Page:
Furnace Care And Troubleshooting

Proper furnace maintenance can help you save in the long run

As the unsung hero of your home basement, your furnace doesn't get any attention - that is, until it stops working when it's cold outside. But paying attention to your furnace before it breaks may keep your utility costs down and stop you from feeling left in the cold.

"Homeowners can save money by extending the useful product life and reduce the severity and frequency of breakdowns if furnaces are properly maintained," says Dave Borowski, Director of Technical Training and spokesman for Direct Energy.

What Does Furnace Maintenance Involve?

Basic furnace maintenance can be condensed to three simple steps:

1) Change your furnace air filters a minimum of every three months. Dirty filters make your furnace work harder, which can increase energy costs, damage equipment, and lead to early furnace failure, according to Energy Star.

2) Create a regular maintenance schedule. Schedule your annual furnace maintenance in early fall before contractors hit their busy winter season - and before you need to turn on your furnace.

3) Pay attention. If you notice anything unusual - like a strange sound when the furnace starts or water leaking from the unit - it is always wise to call a technician to investigate your concerns.

My Furnace Is Fine. Why Should I Waste Time On Maintenance?

Even if your furnace seems to be working, there are several reasons that service and maintenance should still be a priority.

1) Safety. Since many furnaces are gas-fired, they are at risk for carbon monoxide leaks and could be a fire hazard. An improper gas or oil connection, a dirty burner, or a crack in the heat exchange can also lead to health problems and make the equipment less safe.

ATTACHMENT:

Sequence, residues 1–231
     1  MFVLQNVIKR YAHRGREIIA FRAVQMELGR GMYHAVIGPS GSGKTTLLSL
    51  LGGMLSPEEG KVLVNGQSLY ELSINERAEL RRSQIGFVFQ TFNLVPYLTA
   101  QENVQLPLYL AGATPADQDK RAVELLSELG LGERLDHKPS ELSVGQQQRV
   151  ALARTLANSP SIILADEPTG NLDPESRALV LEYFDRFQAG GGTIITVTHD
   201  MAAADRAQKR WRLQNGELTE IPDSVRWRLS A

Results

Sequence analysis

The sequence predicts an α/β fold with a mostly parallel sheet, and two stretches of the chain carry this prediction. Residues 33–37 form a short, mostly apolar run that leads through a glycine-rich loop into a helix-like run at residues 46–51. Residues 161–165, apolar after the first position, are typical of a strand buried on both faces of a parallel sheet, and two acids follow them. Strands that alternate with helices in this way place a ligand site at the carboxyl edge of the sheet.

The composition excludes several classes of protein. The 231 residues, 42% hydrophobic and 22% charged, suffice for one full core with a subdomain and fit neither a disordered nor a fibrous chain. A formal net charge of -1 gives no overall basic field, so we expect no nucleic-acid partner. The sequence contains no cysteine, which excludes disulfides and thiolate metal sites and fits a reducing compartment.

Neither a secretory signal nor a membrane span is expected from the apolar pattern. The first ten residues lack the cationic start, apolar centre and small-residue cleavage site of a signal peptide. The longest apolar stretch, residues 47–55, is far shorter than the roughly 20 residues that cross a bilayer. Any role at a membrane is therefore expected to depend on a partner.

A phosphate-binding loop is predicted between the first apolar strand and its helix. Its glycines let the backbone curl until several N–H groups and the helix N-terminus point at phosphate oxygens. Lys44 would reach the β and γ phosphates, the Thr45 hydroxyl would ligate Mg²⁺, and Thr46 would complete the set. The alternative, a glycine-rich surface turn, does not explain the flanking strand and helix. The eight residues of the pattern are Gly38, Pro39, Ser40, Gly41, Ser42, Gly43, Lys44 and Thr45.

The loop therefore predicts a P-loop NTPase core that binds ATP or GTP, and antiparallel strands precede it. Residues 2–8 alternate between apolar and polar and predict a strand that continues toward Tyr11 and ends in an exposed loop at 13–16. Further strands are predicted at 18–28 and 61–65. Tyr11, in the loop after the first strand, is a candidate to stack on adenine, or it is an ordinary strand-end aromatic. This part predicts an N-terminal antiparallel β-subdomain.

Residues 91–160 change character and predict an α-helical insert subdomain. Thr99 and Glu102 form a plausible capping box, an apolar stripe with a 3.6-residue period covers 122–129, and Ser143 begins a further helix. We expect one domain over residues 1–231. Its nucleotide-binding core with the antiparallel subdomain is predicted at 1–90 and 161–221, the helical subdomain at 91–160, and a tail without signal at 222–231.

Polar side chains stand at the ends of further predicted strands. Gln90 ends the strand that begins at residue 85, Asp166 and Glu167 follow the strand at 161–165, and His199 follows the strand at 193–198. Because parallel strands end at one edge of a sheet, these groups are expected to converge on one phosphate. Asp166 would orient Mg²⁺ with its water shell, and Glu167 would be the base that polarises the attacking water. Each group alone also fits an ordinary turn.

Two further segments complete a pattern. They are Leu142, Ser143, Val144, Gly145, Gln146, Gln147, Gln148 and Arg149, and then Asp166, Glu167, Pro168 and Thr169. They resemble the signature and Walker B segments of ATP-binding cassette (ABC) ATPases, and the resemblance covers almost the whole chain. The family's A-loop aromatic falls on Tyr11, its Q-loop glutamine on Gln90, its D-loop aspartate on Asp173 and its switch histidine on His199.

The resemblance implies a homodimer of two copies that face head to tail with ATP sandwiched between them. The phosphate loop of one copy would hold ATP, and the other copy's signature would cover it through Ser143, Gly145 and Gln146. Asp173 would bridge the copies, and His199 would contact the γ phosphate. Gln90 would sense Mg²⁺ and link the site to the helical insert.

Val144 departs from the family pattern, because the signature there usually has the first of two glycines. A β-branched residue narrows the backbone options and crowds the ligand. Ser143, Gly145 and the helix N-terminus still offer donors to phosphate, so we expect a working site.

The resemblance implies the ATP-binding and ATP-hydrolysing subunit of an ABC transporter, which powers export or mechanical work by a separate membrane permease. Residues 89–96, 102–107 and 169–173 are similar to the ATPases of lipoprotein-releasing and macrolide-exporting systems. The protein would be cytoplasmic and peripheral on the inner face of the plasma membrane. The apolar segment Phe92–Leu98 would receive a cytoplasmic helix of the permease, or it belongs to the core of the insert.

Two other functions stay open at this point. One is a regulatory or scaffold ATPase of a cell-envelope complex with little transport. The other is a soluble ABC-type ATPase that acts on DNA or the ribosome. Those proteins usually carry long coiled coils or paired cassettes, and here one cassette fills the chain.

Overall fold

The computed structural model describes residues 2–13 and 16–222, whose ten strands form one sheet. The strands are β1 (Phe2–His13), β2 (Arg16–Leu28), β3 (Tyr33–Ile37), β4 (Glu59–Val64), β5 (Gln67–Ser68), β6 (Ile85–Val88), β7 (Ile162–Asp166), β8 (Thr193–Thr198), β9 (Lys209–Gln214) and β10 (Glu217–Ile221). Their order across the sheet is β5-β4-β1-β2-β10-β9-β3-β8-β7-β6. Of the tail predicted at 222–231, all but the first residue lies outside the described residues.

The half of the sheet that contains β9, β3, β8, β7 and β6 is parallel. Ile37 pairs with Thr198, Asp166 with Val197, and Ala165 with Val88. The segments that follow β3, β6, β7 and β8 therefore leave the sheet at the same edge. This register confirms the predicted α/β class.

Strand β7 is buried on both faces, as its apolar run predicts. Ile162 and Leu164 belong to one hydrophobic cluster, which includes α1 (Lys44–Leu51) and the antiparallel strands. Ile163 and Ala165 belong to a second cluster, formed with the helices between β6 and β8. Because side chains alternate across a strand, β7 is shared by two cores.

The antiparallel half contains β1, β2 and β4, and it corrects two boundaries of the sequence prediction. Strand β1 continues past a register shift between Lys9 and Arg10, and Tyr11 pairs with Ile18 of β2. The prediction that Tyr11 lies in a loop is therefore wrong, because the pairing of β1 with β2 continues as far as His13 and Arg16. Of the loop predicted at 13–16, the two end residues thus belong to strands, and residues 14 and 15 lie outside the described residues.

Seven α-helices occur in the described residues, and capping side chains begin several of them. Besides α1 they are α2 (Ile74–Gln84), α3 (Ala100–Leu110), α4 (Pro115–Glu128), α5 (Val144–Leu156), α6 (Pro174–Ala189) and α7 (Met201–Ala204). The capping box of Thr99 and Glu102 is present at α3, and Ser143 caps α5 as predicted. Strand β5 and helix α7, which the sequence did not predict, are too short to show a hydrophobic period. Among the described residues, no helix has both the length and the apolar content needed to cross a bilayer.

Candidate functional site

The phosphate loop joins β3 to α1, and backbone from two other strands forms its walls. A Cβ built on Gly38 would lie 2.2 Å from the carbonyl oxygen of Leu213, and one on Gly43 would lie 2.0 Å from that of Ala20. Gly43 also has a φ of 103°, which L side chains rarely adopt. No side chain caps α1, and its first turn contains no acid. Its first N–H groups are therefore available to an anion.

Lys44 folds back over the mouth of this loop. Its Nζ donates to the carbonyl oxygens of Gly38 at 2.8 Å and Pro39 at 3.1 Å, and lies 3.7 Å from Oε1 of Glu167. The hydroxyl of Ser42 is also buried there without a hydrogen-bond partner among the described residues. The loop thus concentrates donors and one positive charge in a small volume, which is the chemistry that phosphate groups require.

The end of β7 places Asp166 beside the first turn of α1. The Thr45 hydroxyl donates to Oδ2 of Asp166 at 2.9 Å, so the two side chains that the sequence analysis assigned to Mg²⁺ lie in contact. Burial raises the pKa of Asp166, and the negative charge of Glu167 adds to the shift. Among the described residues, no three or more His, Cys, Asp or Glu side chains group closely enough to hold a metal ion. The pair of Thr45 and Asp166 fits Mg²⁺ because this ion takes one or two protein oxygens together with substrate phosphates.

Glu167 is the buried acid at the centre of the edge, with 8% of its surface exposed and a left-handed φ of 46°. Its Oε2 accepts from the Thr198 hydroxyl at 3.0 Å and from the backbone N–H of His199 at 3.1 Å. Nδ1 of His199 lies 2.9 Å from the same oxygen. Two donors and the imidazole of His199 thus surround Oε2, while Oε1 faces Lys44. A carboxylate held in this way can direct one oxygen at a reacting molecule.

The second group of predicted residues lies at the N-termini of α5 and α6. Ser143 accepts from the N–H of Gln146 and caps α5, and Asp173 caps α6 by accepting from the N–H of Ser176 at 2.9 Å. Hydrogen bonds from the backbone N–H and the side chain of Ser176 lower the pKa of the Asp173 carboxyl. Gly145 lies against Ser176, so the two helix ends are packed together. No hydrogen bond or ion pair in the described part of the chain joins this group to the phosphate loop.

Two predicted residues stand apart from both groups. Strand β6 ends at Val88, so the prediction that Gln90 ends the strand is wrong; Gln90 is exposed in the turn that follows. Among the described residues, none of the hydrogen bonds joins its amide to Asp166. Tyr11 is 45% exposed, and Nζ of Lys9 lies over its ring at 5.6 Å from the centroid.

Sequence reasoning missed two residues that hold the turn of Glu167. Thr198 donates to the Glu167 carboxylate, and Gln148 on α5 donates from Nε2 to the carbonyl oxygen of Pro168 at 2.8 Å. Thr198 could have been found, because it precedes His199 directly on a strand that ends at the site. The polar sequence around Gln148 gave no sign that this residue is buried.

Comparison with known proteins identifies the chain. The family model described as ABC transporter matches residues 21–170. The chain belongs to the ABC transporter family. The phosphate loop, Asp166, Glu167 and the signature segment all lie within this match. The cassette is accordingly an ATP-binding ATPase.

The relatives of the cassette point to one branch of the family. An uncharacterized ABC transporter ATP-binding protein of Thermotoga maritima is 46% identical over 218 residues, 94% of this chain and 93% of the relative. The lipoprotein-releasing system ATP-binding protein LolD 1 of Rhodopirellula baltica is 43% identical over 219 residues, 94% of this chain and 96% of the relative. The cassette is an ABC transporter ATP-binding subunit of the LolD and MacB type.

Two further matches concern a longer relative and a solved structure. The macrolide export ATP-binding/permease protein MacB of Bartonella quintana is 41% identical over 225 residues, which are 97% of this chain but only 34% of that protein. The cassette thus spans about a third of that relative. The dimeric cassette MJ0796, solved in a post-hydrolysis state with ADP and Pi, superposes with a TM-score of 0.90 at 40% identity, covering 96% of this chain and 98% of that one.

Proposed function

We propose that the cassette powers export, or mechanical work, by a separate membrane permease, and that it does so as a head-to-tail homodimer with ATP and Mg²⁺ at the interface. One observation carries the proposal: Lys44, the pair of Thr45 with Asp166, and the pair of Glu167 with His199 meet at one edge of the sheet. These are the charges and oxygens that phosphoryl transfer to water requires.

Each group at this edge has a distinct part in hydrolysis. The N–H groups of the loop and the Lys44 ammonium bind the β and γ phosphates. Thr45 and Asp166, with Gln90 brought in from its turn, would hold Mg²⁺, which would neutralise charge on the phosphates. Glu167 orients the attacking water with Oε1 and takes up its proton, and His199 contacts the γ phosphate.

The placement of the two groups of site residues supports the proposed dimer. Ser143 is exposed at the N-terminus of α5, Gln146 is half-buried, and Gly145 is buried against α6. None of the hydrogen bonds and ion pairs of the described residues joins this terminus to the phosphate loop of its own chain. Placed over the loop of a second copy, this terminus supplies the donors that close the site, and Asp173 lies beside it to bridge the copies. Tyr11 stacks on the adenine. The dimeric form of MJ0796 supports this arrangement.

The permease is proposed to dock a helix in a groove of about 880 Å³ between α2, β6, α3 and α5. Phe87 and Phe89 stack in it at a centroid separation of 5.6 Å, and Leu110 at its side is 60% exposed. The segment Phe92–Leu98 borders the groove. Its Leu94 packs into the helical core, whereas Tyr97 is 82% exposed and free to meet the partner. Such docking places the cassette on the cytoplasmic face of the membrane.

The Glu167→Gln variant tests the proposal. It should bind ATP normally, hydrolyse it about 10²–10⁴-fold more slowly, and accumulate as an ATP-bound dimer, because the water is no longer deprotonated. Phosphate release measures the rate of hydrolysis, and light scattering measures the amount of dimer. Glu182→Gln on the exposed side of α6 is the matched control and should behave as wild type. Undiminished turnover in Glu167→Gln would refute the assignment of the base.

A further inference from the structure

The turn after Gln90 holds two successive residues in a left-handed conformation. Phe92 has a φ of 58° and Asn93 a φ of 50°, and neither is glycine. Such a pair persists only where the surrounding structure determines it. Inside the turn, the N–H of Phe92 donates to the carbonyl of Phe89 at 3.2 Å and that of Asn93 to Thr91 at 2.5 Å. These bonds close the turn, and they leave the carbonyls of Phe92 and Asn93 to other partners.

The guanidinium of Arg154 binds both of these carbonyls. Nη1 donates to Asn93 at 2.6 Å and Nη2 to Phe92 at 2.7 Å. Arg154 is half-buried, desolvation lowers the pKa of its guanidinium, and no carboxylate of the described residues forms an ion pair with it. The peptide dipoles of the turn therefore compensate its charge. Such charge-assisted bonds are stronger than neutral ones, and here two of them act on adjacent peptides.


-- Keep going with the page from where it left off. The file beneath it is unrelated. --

Expect your furnace checkup to include a review of the controls and gas pressure, a burner combustion analysis, and a heat exchanger inspection. In addition, a contractor will evaluate the location of the furnace and make sure home remodeling or code changes haven't made it unsafe.

2) Efficiency and Performance. If your furnace sounds like it's working harder than normal, chances are it is, and you'll probably see the effects in higher energy bills.

So, during your furnace checkup, the contractor should also check the burner performance, temperature rises, and fan control settings. A contractor can also let you know if your furnace is up to current standards and whether or not updates or a replacement are recommended.

3) Longevity and Baseline Maintenance. Just like oil changes for your car, experts say a home's heating and cooling systems also should get checkups to keep them running properly.

Annual baseline maintenance should include cleaning, lubricating parts, and checking all controls and vents for air flow volume. It is also a good idea to have ducts cleaned at least every five years.

To learn more about protecting your furnace, click here or call us at 1-888-733-1683.

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